Across the country, people and communities are trying to keep children and youth safe and well during the COVID-19 pandemic. We should spare no effort to ensure that children and youth with disabilities and their families remain safely together and connected to the services they need.
Families who need the most help may be reluctant to reach out because of stigma or because they fear that letting agencies know they are struggling might lead to heavy- handed child welfare interventions. The intersections of disability, ableism and systemic racism further contribute to impoverishment, social isolation and trauma, putting families at increased risk of excessive state intervention.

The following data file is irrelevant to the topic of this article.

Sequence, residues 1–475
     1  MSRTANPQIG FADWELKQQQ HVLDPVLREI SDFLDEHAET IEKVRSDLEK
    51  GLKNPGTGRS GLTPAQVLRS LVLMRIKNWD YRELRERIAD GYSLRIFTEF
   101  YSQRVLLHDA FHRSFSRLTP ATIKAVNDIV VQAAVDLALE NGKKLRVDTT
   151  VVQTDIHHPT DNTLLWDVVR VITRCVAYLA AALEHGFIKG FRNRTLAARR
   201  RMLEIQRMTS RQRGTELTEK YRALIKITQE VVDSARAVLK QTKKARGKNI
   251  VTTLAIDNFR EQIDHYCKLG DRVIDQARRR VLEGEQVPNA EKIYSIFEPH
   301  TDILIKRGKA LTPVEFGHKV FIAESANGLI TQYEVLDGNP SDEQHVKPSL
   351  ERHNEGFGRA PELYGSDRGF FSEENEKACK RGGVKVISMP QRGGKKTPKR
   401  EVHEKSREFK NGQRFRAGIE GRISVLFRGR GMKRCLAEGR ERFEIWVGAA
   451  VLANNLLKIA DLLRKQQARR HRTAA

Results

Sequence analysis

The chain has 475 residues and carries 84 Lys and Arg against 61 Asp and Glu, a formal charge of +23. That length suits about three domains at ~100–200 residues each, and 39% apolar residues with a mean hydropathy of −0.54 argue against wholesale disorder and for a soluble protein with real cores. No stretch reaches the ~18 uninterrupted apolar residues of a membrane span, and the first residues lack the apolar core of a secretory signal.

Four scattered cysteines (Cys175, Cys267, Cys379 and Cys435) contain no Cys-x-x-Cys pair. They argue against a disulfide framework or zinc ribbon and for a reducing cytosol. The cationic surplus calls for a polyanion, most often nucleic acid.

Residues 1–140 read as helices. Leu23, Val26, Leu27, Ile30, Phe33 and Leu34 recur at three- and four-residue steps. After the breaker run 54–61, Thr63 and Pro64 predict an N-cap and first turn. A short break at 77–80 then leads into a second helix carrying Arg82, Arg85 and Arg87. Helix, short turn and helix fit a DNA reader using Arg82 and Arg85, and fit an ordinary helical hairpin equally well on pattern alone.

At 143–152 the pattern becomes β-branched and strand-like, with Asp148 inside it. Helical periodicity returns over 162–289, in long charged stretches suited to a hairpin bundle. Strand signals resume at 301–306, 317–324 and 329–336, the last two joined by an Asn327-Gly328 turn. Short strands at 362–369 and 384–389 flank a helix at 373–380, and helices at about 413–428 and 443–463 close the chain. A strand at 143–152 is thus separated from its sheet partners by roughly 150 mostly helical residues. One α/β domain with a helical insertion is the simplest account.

Families are doing their very best to cope on their own, but emerging evidence confirms they are not doing well at all. COVID-19 risks increasing the number of children who come into care because their family is unable to meet their needs. Much can be done to help young people with disabilities, as well as their families and caregivers get through a difficult and frightening time.
Supportive efforts must include actions to address systemic discrimination faced by young families – Indigenous, Black and racialized families in particular – who have been disproportionately impacted by the COVID-19 pandemic.
This publication provides guidance on how front-line practitioners, foster families, alternative caregivers, and governments can help create the conditions for hope and love to shine through this difficult moment and into a brighter, more equitable future for all.